Thursday 1 July 2021

Elevator Pitch

Finished June 29
Elevator Pitch by Linwood Barclay

This novel makes you look at elevators in a completely different way. In New York City, an elevator falls and all occupants are killed. It was a nice touch to have one of them doing an actual elevator pitch at the time. When a second elevator accident kills too, questions start arising about what is happening, and what caused the falls. 
Barbara Matheson is a reporter for a New York City paper. She covers mostly politics and business, and lately she's been writing a lot about the mayor, Richard Wilson Headley. .She calls out behaviour that  she considers sketchy, even if it is "how things get done." In this case it is the awarding of a construction contract to a firm owned by a big political donor. As she enters the story, she is at city hall with a crowd of reporters, hoping to ask questions. And she definitely gets a reaction. Along with the mayor are a few of his staff, including his twenty-five-year-old son, Glover. Glover and Richard have a not-always-smooth relationship, but Glover is bright in a techie way and helpful in certain areas. 
Barbara also has a difficult relationship with her child, daughter Arla. Barbara got pregnant when she was young and when the father wanted nothing to do with it, she considered her options. Her parents offered to take on the raising of Arla, and there was no secret that Arla was her daughter, but more recently, after her parents died, there have been tense discussions between the two women.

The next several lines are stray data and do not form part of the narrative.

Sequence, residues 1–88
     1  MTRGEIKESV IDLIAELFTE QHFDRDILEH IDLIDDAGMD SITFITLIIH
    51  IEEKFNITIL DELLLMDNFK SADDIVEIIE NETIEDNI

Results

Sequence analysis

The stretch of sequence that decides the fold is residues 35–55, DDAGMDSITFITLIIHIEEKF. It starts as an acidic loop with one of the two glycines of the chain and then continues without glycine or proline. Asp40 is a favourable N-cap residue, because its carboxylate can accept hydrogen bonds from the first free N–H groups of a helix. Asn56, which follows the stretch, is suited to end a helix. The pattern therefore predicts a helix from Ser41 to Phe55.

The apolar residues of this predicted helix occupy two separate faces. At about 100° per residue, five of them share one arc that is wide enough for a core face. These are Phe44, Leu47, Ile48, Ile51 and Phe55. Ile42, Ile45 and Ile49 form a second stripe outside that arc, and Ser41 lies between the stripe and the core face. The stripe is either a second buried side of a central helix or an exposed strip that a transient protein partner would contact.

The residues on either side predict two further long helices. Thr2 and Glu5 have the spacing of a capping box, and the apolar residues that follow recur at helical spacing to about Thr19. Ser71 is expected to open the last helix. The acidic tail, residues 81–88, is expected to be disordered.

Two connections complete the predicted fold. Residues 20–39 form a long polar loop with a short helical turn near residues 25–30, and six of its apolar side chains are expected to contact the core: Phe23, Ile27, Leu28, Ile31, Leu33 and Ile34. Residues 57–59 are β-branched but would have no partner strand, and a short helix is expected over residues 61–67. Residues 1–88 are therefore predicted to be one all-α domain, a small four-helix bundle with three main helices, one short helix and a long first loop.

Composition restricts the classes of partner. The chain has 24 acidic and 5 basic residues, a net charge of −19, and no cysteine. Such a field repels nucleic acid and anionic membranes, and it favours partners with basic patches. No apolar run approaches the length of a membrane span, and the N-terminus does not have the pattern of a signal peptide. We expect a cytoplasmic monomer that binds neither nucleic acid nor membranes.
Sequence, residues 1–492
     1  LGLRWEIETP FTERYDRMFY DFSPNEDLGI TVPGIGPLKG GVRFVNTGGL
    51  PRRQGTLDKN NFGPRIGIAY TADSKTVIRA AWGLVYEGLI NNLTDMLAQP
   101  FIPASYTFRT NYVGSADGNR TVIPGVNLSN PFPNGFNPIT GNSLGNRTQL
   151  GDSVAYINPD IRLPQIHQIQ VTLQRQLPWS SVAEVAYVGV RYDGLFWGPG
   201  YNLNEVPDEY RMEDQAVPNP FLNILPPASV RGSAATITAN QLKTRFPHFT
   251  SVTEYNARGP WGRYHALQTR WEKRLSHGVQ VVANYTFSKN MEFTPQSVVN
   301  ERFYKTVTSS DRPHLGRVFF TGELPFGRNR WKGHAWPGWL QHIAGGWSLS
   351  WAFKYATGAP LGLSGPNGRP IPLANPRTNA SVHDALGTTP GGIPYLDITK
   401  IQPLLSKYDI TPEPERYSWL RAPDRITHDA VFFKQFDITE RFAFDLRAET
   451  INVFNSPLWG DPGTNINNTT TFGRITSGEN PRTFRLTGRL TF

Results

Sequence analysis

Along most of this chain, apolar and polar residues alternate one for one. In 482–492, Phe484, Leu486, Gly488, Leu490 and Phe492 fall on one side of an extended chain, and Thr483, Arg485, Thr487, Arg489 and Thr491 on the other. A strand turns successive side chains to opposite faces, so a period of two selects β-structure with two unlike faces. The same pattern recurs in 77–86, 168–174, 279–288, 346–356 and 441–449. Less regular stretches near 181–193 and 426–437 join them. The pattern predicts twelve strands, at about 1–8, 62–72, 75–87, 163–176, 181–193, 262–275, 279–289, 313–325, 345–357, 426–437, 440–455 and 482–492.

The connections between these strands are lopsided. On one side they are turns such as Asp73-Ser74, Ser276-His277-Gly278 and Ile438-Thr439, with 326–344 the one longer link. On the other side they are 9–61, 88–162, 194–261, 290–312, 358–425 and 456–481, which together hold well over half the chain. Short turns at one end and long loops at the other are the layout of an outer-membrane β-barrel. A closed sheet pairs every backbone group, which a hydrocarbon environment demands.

Meanwhile, police have found a body, badly beaten and with an attempt to disguise the identity of the victim. As they research his identity and look for why this man was killed, one of them, Jerry Bourque is also dealing with PTSD and guilt from a recent case. 
There is also a group of people in the middle states of the U.S., who have organized their resentment at those on the coast and have acted out their frustrations in violent ways. A couple of them, including the head of the organization are in New York City, and questions arise about the ties to some of the accidents happening there. 
Conversations between a boy and his mother in a different font are interspersed through the story and only make sense as things are revealed near the end. 
I liked how all these storylines wove in and out of each other in a natural way, and not all the clues lead somewhere. 
As I said at the beginning, I also like how Barclay makes you think about ordinary, everyday things in a different way. This is something he does in many of his books, both the standalones like this one and The Accident, and many of the Promise Falls series. His characters are ordinary people who did things that you and I do, and then some of them get caught up in situations beyond what they could ever have expected. Even though this is a long book, it's a quick and satisfying read. 

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